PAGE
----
Four caged owls hang from beams in the basement space, their dayglo fur actually subdued in comparison to their radioactive eyes which dare you to engage in a retina burnout staring match.



In case the colours are too muted for anyone, DScreet has done one owl in twinkling blue and pink neon light, though for added effect the colour of the eyes manage to cycle through yellow when warming up.



One pair of owls is done as an embroidery piece which the label proudly proclaims to be made of 67,000 beads. That this fact is known is the scariest thing about this one, though the eyes on these owls are gorgeous. Excuse the pic, the rough aesthetic in the Pure Evil dungeon never lends itself to subtle lighting.




About half of the works on show are word pieces rendered in a blocky style with a jarring crash of colour reliefs. The irregularity of the 3D effects on the words ignores the generally accepted rules of the form.


Like So Many Strange Gods


The effect of the letter shapes and most particularly the colour combinations challenges the observer to ponder if there is some truly kinked inner pallette in DScreet’s mind. There are amusing details not to be missed, check the hara kiri letter O at the end of this piece.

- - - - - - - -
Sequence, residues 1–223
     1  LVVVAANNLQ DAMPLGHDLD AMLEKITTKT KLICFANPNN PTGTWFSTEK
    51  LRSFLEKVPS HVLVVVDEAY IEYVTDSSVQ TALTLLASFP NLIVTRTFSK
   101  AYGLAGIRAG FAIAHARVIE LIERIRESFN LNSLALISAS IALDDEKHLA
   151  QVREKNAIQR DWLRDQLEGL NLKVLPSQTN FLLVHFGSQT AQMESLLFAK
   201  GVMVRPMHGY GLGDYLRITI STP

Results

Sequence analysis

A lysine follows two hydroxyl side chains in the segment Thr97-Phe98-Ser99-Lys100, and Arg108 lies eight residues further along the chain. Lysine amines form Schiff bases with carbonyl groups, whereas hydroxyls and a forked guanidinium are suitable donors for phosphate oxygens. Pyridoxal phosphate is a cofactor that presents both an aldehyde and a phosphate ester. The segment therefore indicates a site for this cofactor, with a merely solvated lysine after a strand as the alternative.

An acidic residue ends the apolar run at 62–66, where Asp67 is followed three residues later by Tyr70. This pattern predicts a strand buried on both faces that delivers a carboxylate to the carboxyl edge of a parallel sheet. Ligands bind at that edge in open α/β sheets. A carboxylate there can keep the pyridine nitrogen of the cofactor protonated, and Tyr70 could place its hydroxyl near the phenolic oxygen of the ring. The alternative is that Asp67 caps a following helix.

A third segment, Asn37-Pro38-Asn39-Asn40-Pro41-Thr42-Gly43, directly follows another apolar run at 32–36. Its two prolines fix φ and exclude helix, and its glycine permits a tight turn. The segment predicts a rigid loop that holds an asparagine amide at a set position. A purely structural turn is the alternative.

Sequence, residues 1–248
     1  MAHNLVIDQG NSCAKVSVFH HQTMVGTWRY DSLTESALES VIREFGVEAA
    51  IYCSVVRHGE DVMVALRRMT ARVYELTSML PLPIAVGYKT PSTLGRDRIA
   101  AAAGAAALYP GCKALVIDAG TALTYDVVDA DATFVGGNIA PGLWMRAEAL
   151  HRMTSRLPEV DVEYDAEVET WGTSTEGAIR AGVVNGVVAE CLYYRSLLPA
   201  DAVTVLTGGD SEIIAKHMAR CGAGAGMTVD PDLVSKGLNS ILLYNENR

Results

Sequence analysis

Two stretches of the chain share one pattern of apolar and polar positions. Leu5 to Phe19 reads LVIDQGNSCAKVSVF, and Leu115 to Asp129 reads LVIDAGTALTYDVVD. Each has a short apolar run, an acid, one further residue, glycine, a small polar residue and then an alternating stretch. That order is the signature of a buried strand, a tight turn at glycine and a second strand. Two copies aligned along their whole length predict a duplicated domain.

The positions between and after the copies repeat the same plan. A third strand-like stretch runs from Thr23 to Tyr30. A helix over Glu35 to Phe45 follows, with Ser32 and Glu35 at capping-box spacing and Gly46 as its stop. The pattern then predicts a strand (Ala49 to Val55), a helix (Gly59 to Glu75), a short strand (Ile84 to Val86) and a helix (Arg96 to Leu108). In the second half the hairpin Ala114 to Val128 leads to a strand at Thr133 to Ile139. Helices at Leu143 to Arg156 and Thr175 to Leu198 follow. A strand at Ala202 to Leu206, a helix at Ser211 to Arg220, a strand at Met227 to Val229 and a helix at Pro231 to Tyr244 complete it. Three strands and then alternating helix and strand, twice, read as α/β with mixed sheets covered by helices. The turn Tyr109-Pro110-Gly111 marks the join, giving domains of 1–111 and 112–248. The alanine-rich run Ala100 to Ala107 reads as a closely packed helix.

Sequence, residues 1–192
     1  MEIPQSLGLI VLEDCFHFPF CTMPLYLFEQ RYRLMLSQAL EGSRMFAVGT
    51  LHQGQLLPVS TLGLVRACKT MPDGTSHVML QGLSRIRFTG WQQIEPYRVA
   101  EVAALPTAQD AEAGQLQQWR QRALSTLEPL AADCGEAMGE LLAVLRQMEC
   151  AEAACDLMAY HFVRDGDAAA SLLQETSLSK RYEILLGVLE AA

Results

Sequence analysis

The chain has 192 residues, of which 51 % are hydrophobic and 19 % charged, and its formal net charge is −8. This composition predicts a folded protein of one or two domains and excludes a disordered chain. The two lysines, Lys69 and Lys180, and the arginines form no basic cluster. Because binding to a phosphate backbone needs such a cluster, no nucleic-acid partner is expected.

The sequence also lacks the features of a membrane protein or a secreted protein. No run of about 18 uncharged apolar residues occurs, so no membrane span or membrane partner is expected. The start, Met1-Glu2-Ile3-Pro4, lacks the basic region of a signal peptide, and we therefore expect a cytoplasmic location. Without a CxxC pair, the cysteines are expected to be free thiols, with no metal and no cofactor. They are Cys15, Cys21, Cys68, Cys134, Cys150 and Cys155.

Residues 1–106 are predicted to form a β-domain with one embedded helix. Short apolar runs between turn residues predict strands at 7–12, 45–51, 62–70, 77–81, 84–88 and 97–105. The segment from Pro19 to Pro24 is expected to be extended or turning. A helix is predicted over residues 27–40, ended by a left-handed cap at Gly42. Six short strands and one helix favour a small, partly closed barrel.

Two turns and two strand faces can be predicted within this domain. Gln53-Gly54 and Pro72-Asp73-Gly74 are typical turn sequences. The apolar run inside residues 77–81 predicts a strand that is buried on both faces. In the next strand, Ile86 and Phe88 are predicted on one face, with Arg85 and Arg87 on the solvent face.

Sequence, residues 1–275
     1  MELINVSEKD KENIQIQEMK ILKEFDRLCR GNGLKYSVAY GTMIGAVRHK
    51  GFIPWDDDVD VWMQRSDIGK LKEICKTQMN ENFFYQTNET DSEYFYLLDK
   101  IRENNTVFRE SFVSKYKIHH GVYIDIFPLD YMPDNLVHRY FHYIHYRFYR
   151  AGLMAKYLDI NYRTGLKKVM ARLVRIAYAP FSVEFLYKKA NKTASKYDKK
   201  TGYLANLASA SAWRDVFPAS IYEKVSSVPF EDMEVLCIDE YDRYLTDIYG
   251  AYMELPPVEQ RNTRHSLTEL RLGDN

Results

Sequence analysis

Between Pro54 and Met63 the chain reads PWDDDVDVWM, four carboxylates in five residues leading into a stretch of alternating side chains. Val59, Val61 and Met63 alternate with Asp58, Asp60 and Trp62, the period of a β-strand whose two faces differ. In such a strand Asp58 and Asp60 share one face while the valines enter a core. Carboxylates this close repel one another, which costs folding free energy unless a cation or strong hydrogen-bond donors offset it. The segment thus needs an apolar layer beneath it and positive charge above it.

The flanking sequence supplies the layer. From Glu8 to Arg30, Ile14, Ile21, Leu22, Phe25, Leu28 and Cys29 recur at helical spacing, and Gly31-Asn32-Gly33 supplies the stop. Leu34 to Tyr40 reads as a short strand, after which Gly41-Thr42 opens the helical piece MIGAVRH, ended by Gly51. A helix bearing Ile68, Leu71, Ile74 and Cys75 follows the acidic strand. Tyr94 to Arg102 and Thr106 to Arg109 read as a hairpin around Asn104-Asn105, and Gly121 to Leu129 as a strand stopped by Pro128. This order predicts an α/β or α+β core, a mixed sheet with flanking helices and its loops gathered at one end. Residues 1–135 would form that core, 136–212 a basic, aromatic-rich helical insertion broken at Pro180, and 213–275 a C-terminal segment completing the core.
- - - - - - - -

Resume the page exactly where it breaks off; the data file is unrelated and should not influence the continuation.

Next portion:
That the irregular shading and inconsistent 3D effects are DScreet’s intentional distortion of the form may be supposed from the words themselves and the titles, most notably this Men Crazed With Shadows.


Men Crazed With Shadows

More twit-twoo from the show can be seen here.

Saturday, 13 December 2008

Sickboy - Stay Free Show

The Tramshed
Rivington St, London
3 - 10 Dec

All photos NoLionsInEngland except where stated

If Street Art needed a hero, an anonymous posterchild, then Manc rat Sickboy would be your man-with-a-can. For large scale wall lushness all over the world, this artist’s portfolio ranks with the very best and most loved.

Firstly there are the Sickboy temples, those lurid yellowey-orange squashy bubbly mosque looking radio sets, radiating colour all over the place.